Some Chinese foods should just stay on the menu

There are some foods on the menu that should stay on the menu.

Never order these foods

Chinese food is one of the most popular fast(ish) food options in the world. With a menu including a wide range of foods from all parts of the country (and the animal), it’s cheap, delicious and can be healthy – except for those items on the menu that are risky at best and probably should stay on the menu.

Fried rice
It’s quite possibly the most popular dish on the menu, and it may also be the least healthy. Fried rice is, as the name suggests: fried. It’s most often made with white rice, which already has the least nutritional value of all rices, but once it’s soaked up all the oil in the wok, you have an oily, starchy dish that, although tasty, is super high on the calorie count.

Sweet and sour chicken or pork
A normal portion of sweet and sour chicken can contain over 1700 calories and 130 per cent of your daily recommended fat, while a serve of sweet and sour pork can contain up to 16 teaspoons of sugar and 88g of fat. Add the side of fried rice and you have yourself a recipe for diabetes and obesity.

Barbecue spare ribs
While some barbecue spare ribs are not so unhealthy (who are we kidding?), at Chinese restaurants, they’re coated in a salty, sweet barbecue sauce that contains around 65g of fat and about 1.5 times the daily recommended intake of sodium. Oh, and more sugar than a can of soft drink.

Lemon chicken
Lemon chicken may sound a little healthier than many of the options on the menu, but the bottom line is that the average serve has 1500 calories and 75g of fat, it’s fried in oil, full of sugar and sodium; and no amount of lemon will add to its nutritional value.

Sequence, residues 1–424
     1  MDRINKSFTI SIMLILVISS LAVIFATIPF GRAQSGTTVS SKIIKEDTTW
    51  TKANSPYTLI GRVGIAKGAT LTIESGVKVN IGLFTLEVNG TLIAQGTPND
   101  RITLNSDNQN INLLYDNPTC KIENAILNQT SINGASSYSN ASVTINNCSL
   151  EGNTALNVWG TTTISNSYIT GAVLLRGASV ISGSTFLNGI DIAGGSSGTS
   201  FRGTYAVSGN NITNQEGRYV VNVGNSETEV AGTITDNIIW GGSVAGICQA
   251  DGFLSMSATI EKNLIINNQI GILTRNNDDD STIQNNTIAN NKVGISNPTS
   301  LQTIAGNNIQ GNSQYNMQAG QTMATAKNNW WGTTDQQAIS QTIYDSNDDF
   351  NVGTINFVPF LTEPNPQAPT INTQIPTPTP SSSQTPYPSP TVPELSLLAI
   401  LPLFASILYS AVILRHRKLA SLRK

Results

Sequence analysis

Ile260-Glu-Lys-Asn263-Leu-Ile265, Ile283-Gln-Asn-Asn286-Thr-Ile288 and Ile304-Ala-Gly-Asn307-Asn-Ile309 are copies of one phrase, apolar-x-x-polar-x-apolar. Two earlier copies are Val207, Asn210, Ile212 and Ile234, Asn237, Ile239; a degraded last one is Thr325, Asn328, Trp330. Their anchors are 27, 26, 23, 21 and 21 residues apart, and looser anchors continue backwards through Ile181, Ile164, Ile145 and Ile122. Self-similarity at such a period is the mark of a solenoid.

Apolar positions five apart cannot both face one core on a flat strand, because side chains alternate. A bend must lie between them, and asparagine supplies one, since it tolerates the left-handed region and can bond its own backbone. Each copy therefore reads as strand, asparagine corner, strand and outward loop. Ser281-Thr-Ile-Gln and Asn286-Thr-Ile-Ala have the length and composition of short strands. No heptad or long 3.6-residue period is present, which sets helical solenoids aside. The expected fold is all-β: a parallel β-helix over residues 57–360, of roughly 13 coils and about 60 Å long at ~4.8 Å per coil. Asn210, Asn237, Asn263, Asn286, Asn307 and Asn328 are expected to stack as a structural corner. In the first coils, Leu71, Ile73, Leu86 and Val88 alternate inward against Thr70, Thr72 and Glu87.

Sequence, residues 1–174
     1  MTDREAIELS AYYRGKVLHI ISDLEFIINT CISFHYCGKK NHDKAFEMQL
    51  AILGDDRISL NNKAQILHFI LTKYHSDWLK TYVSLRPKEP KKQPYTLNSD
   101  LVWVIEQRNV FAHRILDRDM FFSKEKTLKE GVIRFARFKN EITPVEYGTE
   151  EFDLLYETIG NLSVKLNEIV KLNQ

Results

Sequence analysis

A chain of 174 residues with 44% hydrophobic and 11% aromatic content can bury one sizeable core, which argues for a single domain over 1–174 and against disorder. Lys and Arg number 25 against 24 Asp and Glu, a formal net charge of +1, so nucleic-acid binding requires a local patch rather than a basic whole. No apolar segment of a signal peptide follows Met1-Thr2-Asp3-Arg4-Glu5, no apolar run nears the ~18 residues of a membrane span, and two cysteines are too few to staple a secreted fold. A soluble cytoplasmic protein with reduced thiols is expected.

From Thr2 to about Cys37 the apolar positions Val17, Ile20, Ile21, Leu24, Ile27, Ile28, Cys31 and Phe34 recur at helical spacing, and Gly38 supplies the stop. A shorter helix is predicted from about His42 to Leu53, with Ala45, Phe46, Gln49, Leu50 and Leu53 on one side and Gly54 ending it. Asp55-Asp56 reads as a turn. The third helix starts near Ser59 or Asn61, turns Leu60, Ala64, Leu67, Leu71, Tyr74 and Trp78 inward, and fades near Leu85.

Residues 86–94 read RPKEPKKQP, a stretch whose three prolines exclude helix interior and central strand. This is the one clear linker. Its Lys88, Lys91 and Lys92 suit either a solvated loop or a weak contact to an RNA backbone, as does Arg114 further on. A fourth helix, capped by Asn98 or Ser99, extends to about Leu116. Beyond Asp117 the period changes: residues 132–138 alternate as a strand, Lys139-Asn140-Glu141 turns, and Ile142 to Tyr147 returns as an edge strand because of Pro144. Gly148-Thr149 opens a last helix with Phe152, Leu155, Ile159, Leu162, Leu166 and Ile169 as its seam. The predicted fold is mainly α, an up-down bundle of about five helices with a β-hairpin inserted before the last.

Prawn crackers
Those plastic bags packed with pretty pink prawn crackers will be the death of me, and after learning about the contents, maybe sooner rather than later. Made with tapioca, flour, prawns and water, one cup of these tasty appetisers contains over 200 calories, 550mg of sodium and 32mg of cholesterol.

So what can you eat? Well, vegetable dumplings, wonton, egg drop and hot and sour soup, stir fries, kung pao chicken, Ma-Po tofu, and chop suey are all much healthier alternatives and they’re still super tasty, too!

Read more at WebMD.

What’s your favourite Chinese food?



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    14th Jun 2018
    Should have seen the article yesterday as I went to lunch and I ordered special fried rice and Mongolian Lamb. Luckily I never eat sweet and sour.
    14th Jun 2018
    Hahahaha seems these days just getting up in the morning just ain’t healthy.
    14th Jun 2018
    I wonder why this article focuses on Chinese restaurant food. Fried rice is no worse than paella. Sweet and sour chicken and pork are no worse than any brands of sources one buys from the shelves in a Supermarket to cook with chicken and pork. Lemon Chicken is no worse off than Kentucky Fried Chicken. Barbeque Spare Ribs are bad anywhere. Prawn Crackers are as bad as any potato chips anywhere.

    Is the author of this article just focusing on bashing on Chinese restaurants for the fun today? Tell us something new and nourishing rather this negative nit-picking.
    14th Jun 2018
    Why don't we focus on Caucasian food? Australia is also overrun by Caucasian, including Italians, Greeks, Brits, Americans.......come-on a fair go???????!!!!!!
    14th Jun 2018
    you lost me when you claim that Tofu is tasty....unless you consider a solidified lump of cat snot is a treat to the taste buds. Call it Tofu or bean curd it's still poop on a plate.
    go veg!
    14th Jun 2018
    Perhaps you don't like plain tofu but marinated is super delicious. However, I like it plain too if tossed in with a quick stir fry of vegetables and a dash of peanut sauce.
    14th Jun 2018
    Ozirules. You obviously don’t know how to cook tofu. Try some of the hundreds of recipes. Perhaps you will find one to you’d liking
    14th Jun 2018
    Never found Tofu that I like. Bit like oysters - snot.

    14th Jun 2018
    It should be fine to eat the stuff occasionally.
    14th Jun 2018
    I make a fried rice by using cooked steam rice, spraying it with an unsaturated oil spray, and baking it in a colander with a drip tray underneath, in a very slow oven for about 2 hours, tossing it occasionally. I then add the sliced pancake, shallots etc just before serving. Not so oil-filled and it's delicious. I also use low salt soy
    14th Jun 2018
    14th Jun 2018
    14th Jun 2018
    I love all of the above. I try not to eat more than 3 helpings a day!!!!
    14th Jun 2018
    Thank you "Nanny" . However I will eat what I want to eat, now go away.

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